<- Mark, this is exactly the second must do on Spock in order to gain the Power- one who's careful and correct tagger, will get lots of votes for the tags he/she creates! so the Power will growth, but it's not only about your Power- the global Power and the sense of existence of the whole Spock Project will grow!

    remember, the more accurate we tag the people we know (personally or via web)- the most sense this all gives to PEOPLE SEARCH ENGINE which Spock is, and which is very 2.0 so its destiny is in the hands of the community, right?

    That's why Spock pays us in Power if we contribute to the Community Search in the best way- create new content that will be then confirmed by the other people.

    3. Plaxo: "The biggest benefit I find from Plaxo is the integration it provides with the address book on my Mac"
    <- I also think the same, and since I am not a Mac fan/user (I live under GNU/Linux)- so Plaxo wasn't really useful for me :)
    For me Plaxo is just a Web-AddressBook and it was that for 4 years if I remember well. I was Premium user of Plaxo since the very beginning, but... I found it useful just like Address-Book, and I wanted it to remain my Address-Book... but it has become another Social Network and I've seen as my contacts have started connect to each other "behind my back" :) and I've seen lots of another strange things... So I did not like Pulse immediately.
    And till now Plaxo for me is remaining a powerful and reliable Web Address-Book- nothing more!

    So there is no contribution in my "huge" Spock Power :) from the part of Plaxo. And there is no contribution to the value of my Network of Contacts (which is 2.5M+ in $$ :lol:) from the part of Plaxo.

    I have there the same people I am connected and keep in touch on LinkedIn. Well, maybe some few other buddies but not more and so I do not see Plaxo has helped me to "grow" on Spock!

    4. Facebook vs. LinkedIn: "There has been a lot of debate about the merits of Facebook versus LinkedIn"
    <- For me the difference is in what DO I DO here and there. It's not really important for me if Facebook had always a plug-in oriented open architecture and LinkedIn was always a closed system. and that now LinkedIn is becoming also framework but however it will remain on the highest level of professional/ business networking.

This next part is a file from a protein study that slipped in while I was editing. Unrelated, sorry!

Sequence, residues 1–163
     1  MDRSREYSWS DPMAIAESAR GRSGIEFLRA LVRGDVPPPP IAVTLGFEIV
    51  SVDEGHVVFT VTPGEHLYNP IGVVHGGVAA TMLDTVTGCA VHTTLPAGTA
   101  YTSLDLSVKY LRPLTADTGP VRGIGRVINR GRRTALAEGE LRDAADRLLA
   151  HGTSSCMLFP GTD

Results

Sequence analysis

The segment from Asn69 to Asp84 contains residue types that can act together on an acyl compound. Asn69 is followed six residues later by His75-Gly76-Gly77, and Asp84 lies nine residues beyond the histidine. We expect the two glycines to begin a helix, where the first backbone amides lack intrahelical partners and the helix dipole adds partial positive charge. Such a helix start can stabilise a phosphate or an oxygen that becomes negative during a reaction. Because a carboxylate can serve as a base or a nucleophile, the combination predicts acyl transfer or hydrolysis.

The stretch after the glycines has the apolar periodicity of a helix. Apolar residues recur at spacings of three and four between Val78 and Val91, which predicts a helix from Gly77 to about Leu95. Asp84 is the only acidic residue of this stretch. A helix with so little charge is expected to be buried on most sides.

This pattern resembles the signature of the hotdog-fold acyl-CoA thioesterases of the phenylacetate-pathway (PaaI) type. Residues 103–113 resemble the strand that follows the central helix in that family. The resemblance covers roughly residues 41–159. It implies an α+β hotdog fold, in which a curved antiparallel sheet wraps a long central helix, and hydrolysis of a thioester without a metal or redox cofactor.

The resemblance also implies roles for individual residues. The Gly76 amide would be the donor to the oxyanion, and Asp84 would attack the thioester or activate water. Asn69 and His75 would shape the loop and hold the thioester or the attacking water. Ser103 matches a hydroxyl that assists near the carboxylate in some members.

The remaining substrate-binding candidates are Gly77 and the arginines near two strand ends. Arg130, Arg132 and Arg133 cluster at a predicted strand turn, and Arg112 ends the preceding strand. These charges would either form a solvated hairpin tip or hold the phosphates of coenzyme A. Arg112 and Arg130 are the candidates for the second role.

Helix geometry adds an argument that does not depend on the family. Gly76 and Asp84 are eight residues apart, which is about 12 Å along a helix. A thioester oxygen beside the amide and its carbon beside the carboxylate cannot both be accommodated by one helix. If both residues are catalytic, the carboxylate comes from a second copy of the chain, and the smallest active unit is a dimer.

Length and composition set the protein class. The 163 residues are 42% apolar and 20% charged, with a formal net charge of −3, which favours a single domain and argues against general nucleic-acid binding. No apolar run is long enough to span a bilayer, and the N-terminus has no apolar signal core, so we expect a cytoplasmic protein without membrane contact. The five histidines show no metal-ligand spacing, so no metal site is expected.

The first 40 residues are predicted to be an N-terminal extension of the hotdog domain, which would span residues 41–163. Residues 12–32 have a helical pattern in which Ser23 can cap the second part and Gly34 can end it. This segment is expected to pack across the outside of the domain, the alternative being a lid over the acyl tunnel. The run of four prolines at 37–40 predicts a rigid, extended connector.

so the difference is (I believe) in what do we do in the both Networks.
    My case is probably a very strong one- I've grown with LinkedIn, use it for several years, being one of the co-founders of an Off-Line Club for LinkedIn in Italy, being the IT/ Web etc. for the Italian Supporter Club of LinkedIn,- and it was always around Business Networking, although we are "Business Club 2.0".

    On Facebook what? On Facebook I really love to POKE my friends, even if those are Business Networking friends :) and the Groups there I just love them and actively participate, and I like the "social spam" my friends send me there (only there!), also if it's about the "bikini group" :)

    Unlike on LinkedIn, where I always have my profile updated, clean and relevant to what do I do and what do I want to do.

    So, after all said I think MY FORMULA is:

    LinkedIn + SPOCK + Facebook

    ,that covers all my social (and real) friends, those with different interests and from different career level etc.

    note: I am not the great fan of MySpace, for me it's too chaotic. So I can imagine that someone here could prefer MySpace to Facebook and it's OK for me.
    But I'd not agree (in a soft mode "not agree" :lol: and only for myself) Mark that Plaxo has a central place in the Networking... 'coz I do not really understand it's place in the "Professional Network/ Poking Network/ Extremal Communication Network" classification :)

    instead with Spock- it's very clear- it's a GLOBAL and OPEN Address-Book, that will soon btw give us an access to all another Social Networks directly from the Spock's account. follow the news from and Spock's twitter account!

    Hope to haven't been too boring :) Sincerely yours-
    Andrey Golub, a Spock && LinkedIn Evangelist in Italy